When my wife and I go to a movie, she hates sitting through the “coming attractions,” but I enjoy them. They offer a good clue as to whether I’d want to see an upcoming film. To me, they’re as much a part of the experience as popcorn.
When I was a boy, long before the advent of cable TV, DVDs and the Internet, my friends and I would go to the movies frequently, always certain to arrive in time for the “previews,” as we called them back then. Now they call them "trailers" for some reason, although I can't figure out how they can "trail" when they come before the feature film. Nevertheless, I remember the anticipation we felt upon learning some new western, sci-fi or adventure film, or Disney production was coming soon. Those early glimpses were almost worth the price of admission.
Of course, we experience the thrill of coming attractions in other ways: perusing a travel brochure and discovering what we might find in visiting a new city or country; hearing the announcement of a new technological innovation (as I write this, many people have been counting the days until they can buy their first Apple watch); hearing about an exciting new automobile about to come off the assembly line; or seeing an ad or commercial about a favorite musical group coming to town.
TV series offer previews at the end of each episode to motivate us to tune in again next week. Radio talk shows give “teasers” at the close of every segment to keep us listening through the commercials. Even newspapers (if you still read them) and magazines use previews to get readers to look forward to the next issue.
One reason previews of coming attractions are so appealing is because of past experience. Encouraged by the preview, we went to the event, watched the show or bought the product and enjoyed it. Our anticipation was justified, so we trust future previews will be just as accurate in alerting us about what’s to come.
Maybe that’s the Bible also offers “previews of coming attractions.” Jesus used them often with His followers. For instance, He declared, “In My Father's house are many dwelling places; if it were not so, I would have told you; for I go to prepare a place for you. If I go and prepare a place for you, I will come again and receive you to Myself, that where I am, there you may be also” (John 14:2-3). It was His way of assuring them of a bright, eternal future.
Jesus used that assurance to help His disciples in clarifying what their priorities should be and where to focus their efforts: “Do not store up for yourselves treasures on earth, where moth and rust destroy, and where thieves break in and steal. But store up for yourselves treasures in heaven, where moth and rust do not destroy, and where thieves do not break in and steal. For where your treasure is, there your heart will be also” (Matthew 6:19-21).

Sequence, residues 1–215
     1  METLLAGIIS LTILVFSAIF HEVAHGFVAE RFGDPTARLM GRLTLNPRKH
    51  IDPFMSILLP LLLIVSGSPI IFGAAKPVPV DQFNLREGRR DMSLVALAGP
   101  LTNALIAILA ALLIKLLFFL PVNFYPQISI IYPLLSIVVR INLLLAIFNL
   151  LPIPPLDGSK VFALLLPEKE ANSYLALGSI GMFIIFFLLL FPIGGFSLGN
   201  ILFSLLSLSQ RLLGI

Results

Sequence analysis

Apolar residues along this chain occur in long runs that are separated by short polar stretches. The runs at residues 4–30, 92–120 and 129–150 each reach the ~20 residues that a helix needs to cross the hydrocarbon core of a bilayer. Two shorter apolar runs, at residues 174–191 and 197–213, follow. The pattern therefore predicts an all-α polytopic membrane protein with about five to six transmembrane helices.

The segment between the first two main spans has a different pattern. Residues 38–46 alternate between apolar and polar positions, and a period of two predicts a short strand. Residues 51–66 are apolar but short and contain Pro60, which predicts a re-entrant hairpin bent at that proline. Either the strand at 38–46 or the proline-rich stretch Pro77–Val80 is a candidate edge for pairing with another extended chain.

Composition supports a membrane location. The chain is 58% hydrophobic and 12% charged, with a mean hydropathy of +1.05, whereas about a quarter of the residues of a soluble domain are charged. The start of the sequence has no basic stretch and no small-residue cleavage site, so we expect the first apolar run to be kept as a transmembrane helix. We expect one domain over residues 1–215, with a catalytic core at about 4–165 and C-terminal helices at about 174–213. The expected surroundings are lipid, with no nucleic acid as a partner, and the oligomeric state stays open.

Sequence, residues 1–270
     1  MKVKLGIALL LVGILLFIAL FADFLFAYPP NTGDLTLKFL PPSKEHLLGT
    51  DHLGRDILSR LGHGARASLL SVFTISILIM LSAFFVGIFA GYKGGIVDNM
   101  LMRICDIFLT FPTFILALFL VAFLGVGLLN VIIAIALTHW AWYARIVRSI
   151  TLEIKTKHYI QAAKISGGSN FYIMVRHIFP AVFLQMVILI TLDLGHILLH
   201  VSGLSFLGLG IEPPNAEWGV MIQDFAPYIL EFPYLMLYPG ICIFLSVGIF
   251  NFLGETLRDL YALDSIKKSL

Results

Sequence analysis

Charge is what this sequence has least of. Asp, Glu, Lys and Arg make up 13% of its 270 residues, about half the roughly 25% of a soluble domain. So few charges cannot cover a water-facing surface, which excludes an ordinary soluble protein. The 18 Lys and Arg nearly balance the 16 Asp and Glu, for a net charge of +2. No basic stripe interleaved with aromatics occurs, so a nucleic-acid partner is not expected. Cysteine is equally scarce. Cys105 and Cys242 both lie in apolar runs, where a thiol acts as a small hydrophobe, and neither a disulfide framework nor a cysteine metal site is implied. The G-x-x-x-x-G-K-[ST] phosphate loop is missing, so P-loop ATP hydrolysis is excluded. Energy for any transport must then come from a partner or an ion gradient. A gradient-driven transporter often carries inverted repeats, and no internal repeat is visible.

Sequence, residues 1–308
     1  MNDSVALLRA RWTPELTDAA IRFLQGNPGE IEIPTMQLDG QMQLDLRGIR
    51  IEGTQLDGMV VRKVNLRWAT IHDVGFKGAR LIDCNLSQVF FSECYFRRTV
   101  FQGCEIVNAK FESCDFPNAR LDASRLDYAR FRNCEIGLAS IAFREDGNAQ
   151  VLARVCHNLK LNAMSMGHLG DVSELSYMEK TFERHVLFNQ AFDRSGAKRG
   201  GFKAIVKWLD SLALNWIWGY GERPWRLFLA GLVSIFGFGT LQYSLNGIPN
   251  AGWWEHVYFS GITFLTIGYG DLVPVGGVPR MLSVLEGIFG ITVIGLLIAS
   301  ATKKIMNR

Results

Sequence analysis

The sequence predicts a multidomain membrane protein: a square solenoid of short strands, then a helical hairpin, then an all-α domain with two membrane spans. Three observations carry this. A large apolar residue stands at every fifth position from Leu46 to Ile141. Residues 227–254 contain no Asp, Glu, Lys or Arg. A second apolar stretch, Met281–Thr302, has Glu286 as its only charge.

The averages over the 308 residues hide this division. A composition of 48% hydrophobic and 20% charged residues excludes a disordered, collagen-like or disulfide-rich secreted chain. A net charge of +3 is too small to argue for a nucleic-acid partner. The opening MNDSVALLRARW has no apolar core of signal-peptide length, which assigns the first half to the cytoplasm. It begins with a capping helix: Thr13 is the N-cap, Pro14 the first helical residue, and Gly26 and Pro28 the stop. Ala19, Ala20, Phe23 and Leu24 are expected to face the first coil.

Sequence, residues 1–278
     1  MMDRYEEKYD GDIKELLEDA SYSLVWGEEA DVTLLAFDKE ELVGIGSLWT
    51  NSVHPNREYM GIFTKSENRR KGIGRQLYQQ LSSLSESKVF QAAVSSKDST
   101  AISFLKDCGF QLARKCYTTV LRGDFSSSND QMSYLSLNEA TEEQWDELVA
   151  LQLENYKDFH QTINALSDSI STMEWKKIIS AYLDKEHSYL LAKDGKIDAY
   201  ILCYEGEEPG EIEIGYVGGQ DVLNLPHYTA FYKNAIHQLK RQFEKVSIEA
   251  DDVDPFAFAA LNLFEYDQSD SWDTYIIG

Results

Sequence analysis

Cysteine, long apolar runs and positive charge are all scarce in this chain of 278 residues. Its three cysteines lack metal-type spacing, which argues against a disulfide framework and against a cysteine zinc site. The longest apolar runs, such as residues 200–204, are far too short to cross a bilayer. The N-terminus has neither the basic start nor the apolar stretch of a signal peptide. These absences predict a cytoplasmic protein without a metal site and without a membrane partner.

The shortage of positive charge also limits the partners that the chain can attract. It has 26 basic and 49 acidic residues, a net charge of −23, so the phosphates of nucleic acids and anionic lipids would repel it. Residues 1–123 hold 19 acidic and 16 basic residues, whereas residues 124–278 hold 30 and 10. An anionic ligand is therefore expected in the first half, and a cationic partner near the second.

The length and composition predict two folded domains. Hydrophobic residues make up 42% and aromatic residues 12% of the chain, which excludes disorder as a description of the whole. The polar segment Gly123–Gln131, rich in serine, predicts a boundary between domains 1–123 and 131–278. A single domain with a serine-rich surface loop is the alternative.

The Old Testament is filled with previews – referred to as prophesies. Hundreds of them point to the coming Messiah, which were fulfilled by Jesus Christ’s birth, life, death and resurrection. Nowhere in the Scriptures, however, are “previews of coming attractions” more plentiful than the Book of Revelation.
It describes in vivid detail what Heaven will be like, some of the events that will take place there, and what those who have been “redeemed by the blood of the Lamb” can expect. It talks of “a new heaven and a new earth, for the first heaven and the first earth had passed away…. I saw the Holy City, the new Jerusalem, coming down out of heaven from God…. Now the dwelling of God is with men, and he will live with them. They will be his people, and God himself will be with them and be their God” (Revelation 21:1-3).
We currently live in a world often filled with pain and sorrow. The world to come, the passage continues, promises an end to that. “He will wipe every tear from their eyes. There will be no more death or mourning or crying or pain, for the old order of things has passed away” (Revelation 21:5). Can you imagine that?
That’s why, the way I see it, the Bible offers hope – confident assurance – for both the present and the infinite future. It teaches us how to live in this life, and also assures us of a glorious existence on what I like to call “the other side of eternity,” one that we can’t even imagine.
But ever since I became a follower of Christ, the previews of coming attractions I’ve read about have proved to be as good as promised, often even better. So based on past and present experience, I’m excited by the previews I’ve seen about the life to come. They’re like God is saying, “You ain’t seen nothin’ yet!”